I discovered how much enjoyment she received from pattern and shape, landscape and gardens, colour and texture. She often arranged a small still life of a certain vase and a sprig of something from the garden with something surprising – perhaps a treasured souvenir. These little creations were a private pleasure. I know that she was very annoyed when one day, aged about twelve or thirteen, I altered something. She sharply told me, 'When you have your own house, you can arrange your own things.' I was surprised at the time but now understand perfectly. In my bedroom on a small table I arrange and rearrange a clay figure from Mexico with a tiny teacup from Vietnam, a dramatic seed pod from Alice Springs, a smooth bowl from a Japanese potter and many other treasures.

With Dad it was his love of books that influenced me from a very early age. We always had a house full of books, not just a significant collection of early Australian literature but art books, biographies, travel sagas, collections of essays and poetry, and reference books. 'Look it up in the index, Stephanie,' he must have said to me a thousand times. 'What are you reading?' was probably his favourite way to begin a conversation with his children or friends.

Music was my father's other great love and in this area I let him down. Once television arrived, Dad found he had to build a retreat where he could play classical music. We had just one living room, and with four children transfixed by this new medium, he hadn't a hope. It meant that I grew up without music enveloping me each day as it did him and I regret this. The music room was his sanctuary and classical music was such a pleasure to him right up to the end of his life.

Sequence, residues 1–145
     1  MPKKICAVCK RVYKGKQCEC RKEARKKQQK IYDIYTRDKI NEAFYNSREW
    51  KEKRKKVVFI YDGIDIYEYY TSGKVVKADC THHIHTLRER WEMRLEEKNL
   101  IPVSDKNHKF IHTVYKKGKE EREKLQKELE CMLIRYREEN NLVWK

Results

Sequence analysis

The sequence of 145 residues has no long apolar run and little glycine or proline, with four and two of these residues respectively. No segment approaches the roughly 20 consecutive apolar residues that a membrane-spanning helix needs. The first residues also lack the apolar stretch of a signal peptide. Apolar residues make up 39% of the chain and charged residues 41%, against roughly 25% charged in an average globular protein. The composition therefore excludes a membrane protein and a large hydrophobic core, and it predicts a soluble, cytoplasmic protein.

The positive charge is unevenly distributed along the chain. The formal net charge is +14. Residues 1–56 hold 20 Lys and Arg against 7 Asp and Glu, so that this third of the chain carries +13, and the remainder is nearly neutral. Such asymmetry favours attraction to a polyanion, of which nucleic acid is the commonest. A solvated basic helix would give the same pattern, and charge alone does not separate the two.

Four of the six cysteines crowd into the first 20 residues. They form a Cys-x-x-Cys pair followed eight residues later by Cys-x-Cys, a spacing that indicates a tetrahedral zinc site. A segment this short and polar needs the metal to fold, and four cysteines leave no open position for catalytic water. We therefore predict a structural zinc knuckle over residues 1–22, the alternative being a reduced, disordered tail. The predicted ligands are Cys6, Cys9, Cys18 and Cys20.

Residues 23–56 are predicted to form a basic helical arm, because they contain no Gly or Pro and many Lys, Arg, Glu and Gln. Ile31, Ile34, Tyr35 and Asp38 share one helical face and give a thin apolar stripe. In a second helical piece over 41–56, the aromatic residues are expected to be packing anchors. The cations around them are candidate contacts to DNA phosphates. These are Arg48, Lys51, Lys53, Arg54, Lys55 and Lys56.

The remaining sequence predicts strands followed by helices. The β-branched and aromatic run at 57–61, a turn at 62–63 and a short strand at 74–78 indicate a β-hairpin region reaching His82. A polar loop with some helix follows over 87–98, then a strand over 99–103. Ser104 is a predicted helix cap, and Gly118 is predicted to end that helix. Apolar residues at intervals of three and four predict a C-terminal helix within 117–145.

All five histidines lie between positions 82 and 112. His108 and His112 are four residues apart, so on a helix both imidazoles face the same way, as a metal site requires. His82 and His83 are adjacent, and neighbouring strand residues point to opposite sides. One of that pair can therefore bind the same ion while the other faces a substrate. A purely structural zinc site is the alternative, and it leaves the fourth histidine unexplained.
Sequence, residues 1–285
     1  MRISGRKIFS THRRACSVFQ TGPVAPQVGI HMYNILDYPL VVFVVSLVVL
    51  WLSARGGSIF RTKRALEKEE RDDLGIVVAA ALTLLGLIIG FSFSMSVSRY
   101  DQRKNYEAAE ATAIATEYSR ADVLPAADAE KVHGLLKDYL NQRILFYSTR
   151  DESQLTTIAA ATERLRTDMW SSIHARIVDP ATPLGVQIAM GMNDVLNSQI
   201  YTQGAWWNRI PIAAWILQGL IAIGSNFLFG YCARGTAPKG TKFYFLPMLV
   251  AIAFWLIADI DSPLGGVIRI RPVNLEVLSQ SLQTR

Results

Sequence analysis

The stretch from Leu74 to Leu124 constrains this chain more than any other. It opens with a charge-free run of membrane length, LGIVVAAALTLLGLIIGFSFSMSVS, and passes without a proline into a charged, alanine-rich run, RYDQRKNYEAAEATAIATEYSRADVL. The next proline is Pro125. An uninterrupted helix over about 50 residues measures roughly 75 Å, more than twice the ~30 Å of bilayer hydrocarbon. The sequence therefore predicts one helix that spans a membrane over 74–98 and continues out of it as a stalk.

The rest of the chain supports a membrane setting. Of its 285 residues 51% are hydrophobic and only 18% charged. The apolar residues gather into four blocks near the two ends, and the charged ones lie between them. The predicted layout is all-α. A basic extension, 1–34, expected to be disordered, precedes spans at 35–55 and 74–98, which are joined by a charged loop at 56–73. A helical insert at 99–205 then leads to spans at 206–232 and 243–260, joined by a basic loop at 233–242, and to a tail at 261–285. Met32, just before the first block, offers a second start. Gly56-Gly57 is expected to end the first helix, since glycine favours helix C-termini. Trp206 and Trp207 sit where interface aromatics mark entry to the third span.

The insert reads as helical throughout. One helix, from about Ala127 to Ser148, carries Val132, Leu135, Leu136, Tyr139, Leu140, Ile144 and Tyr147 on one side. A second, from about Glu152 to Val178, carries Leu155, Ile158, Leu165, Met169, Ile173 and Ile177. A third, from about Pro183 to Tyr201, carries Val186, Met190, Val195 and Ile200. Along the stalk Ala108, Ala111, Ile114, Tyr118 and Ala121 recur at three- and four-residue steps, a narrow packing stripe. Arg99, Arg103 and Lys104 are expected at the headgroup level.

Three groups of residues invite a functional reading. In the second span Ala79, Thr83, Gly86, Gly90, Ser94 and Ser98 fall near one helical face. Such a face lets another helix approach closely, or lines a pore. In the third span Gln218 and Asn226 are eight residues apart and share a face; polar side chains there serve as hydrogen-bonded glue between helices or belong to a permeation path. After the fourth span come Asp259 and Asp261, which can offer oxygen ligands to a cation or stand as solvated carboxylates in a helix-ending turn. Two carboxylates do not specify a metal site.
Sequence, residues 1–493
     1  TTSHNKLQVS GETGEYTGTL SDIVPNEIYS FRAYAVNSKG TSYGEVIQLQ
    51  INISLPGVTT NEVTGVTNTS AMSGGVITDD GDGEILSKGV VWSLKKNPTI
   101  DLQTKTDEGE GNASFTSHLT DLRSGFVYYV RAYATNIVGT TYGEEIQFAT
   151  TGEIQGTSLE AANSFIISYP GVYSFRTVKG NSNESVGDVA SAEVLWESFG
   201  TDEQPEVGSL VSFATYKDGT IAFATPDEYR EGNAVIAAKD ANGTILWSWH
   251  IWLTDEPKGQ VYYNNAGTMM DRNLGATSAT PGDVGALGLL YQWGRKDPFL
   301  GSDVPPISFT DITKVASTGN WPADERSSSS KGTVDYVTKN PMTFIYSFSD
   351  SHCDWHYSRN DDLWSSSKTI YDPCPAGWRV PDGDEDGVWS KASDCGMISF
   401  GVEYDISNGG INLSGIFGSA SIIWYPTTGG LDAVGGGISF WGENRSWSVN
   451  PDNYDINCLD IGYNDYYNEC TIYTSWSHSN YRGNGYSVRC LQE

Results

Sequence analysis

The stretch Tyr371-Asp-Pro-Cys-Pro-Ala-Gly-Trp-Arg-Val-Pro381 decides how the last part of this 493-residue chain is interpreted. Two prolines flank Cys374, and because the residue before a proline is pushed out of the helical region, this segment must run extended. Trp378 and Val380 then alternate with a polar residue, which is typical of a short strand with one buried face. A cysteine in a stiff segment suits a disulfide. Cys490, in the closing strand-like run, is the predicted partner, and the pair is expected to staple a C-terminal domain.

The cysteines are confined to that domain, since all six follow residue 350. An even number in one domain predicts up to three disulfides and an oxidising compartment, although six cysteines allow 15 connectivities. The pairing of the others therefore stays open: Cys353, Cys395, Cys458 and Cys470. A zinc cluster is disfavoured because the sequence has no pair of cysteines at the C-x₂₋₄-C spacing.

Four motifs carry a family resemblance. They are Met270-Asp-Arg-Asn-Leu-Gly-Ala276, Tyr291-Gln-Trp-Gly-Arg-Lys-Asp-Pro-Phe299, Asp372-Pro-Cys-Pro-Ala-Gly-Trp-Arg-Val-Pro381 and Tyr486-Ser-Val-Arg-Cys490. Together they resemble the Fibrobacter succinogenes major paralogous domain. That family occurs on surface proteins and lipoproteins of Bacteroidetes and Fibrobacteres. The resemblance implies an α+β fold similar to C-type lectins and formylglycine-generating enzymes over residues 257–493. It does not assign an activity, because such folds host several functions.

I have always felt that an understanding of what has gone before is an essential starting point for those wishing to forge new ground. One of the motives for writing this book is to record the culinary changes I have lived through, hoping that my account may be of interest to the up-and-coming food practitioners of the new millennium.

I have experienced the full flowering of Australia's food culture. In the early fifties, thanks to the culinary curiosity of my mother, my attention was drawn to the 'new' foods introduced by post-war immigrants. Olive oil and sauerkraut, poppy seeds and broccoli, sausage containing squares of fat and blood, real coffee rather than coffee and chicory essence, sheets of seaweed and smelly cheeses all found their way to the family table before I was in my teens. Only when school friends came to visit and to share a meal and expressed wonder and suspicion at what was on offer did I understand how different our nightly fare was from what they were used to.

As a university student I discovered Melbourne's Queen Victoria Market and saw the high-quality and exciting produce sold by the Chinese stallholders. By the late fifties significant numbers of immigrants from Greece and Italy had transformed Carlton and Brunswick and the wholesale and retail markets. Interested shoppers discovered calamari, octopus and mussels, taramasalata and globe artichokes, fresh ricotta, dried salted codfish and tins of olive oil. Small cafés sprang up and wine was served in coffee cups. The civilising of our liquor laws was in the future. Those who were students or grew up in the late fifties or early sixties learnt to appreciate this colourful and delicious food more or less depending on where they lived and how adventurous they were.